The workshop, sponsored by the Shire of Dragon's Mist and the University of Ithra, will take place at Pacific University in Forest Grove, Oregon and registration is $30.00. Topics to be discussed include:
- The Gothic Fitted Dress
The fitted fashion popular throughout much of Europe in the late 14th century and early 15th century has been the object of much speculation, regarding such matters as who wore it, how it was made, and even what it was called. (The term "cotehardie," often applied to this style, was most likely not the term used by the women who wore it.) A detailed analysis shows the various versions and uses of this style, how it evolved from earlier unfitted fashions, and how it formed the basis for the development of the more structured fashions of the 15th and 16th centuries. The lecture examines some likely construction techniques as well as the social significance of the fashion and its presentation in artwork.
- The Greenland Gored Gown
Costume references frequently cite the garment finds from the 14th-century cemetery at Herjolfsnes, Greenland, as examples of medieval European clothing construction. This lecture re-examines some common assumptions about these gowns in light of overlooked details in the original study report, the cultural context of the Greenland colony, and the likely methods of clothing construction used by the Greenlanders. The discussion gives special attention to the oft-cited "10-gore" gown and how it might influence our understanding of 14th-century European fashion.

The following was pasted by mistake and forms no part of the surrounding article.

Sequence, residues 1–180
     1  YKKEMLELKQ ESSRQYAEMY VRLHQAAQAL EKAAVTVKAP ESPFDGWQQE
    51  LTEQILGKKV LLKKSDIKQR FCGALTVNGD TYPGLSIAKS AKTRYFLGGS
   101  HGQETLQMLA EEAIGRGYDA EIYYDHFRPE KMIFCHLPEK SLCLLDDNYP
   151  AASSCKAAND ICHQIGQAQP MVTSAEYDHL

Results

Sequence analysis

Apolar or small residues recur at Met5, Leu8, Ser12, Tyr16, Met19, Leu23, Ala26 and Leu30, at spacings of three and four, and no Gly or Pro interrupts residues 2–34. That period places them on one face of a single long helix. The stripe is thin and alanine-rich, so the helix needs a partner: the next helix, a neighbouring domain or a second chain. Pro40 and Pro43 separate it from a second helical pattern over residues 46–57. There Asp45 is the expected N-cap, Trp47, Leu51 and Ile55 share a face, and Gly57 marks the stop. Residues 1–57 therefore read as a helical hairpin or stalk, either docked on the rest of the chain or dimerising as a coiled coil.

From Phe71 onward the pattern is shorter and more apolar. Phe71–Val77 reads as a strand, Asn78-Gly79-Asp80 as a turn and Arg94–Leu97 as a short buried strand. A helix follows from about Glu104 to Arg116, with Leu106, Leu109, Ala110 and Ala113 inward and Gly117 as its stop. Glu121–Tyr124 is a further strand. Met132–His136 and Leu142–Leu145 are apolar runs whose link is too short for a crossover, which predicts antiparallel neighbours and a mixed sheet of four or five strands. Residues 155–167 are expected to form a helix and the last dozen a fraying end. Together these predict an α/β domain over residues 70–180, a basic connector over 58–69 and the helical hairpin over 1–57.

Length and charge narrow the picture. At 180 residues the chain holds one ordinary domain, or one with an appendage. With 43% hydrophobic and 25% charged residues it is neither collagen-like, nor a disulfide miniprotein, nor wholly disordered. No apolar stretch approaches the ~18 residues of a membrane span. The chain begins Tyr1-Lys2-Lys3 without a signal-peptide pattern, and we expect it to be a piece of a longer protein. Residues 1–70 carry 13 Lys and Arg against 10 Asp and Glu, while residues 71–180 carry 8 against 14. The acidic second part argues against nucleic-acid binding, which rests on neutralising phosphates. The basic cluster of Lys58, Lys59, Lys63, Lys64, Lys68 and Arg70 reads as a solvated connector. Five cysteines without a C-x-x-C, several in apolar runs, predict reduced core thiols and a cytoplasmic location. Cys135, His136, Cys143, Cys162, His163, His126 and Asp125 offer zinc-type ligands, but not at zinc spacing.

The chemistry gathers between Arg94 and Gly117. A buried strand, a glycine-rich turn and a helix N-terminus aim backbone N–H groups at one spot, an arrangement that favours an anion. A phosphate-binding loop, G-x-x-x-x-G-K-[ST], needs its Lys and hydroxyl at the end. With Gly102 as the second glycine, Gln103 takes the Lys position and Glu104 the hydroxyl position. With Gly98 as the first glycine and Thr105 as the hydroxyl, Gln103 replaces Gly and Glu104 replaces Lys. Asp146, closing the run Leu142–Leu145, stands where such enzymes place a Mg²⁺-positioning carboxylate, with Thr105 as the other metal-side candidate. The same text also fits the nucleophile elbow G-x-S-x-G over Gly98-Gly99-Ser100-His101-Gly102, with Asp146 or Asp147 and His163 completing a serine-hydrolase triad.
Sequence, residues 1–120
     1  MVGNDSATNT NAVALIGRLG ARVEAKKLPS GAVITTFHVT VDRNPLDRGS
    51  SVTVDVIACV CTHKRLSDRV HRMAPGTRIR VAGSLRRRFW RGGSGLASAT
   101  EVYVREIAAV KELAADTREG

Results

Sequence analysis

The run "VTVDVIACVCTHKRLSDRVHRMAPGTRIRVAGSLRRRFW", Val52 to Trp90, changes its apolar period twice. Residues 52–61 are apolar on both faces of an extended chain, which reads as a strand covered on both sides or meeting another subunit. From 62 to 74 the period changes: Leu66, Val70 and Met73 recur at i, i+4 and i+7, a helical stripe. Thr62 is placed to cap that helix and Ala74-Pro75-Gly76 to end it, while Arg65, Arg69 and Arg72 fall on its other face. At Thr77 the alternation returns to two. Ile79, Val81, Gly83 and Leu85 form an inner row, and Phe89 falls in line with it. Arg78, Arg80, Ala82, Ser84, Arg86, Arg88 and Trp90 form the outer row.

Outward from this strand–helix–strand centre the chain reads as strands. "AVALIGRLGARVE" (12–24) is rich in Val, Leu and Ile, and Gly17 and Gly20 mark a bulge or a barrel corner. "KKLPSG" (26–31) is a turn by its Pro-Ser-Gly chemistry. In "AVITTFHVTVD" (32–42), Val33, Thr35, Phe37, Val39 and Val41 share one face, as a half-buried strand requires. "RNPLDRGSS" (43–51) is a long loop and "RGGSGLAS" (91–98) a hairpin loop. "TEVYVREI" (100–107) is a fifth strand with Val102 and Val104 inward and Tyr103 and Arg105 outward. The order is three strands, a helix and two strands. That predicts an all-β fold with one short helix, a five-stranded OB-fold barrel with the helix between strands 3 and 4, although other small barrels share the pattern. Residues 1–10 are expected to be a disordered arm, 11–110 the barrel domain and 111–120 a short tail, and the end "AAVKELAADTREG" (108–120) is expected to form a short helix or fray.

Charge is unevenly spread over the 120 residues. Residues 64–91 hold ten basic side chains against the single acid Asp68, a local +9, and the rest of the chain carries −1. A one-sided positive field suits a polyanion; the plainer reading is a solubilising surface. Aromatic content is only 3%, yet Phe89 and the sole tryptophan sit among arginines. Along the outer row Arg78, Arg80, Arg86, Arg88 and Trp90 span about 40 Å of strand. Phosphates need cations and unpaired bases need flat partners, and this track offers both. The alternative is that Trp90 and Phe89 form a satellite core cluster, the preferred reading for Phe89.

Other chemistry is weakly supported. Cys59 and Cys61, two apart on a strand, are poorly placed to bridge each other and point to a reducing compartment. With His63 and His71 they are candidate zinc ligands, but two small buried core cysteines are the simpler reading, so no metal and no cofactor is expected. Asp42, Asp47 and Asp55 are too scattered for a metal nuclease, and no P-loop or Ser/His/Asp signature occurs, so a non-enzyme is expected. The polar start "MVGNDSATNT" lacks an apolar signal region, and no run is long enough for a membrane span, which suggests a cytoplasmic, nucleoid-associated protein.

- Will the Real Sideless Surcote Please Stand Up?
Common wisdom holds that the sideless surcote was a popular female fashion of the late 14th century and much of the 15th century in England, France, and Flanders. Looking closely at the artwork that portrays this fashion, though, we can trace several distinct stages in the development and use of the style and its implications for the wearers. The lecture shows how to distinguish between the surcote's uses as a real garment and as a symbolic device in artwork, with special attention to practical issues of construction.
- The 15th-Century V-Neck Gown
The so-called "Burgundian" style that dominates much of 15th-century fashion in Western Europe is in fact two separate styles, which have distinctive characteristics and are apparently constructed in two completely different ways. An examination of artwork over the course of the century demonstrates the differences and provides clues as to how the two styles developed and the ways in which they may have been made.
- The Problem of Women's Heraldic Dress
The image of the medieval noblewoman wearing a gown that displays a full-body coat-of-arms has long been popular among costume historians, theater designers, artists, and re-enactors. However, an analysis of archaeological evidence, documentary records, and visual images from the period raises serious questions about the nature and use of such clothing. Practical construction problems complicate the issue further. This lecture traces the development of the modern concept of women's heraldic dress and examines the options for the modern re-enactor faced with reconciling the popular image with the historical evidence.
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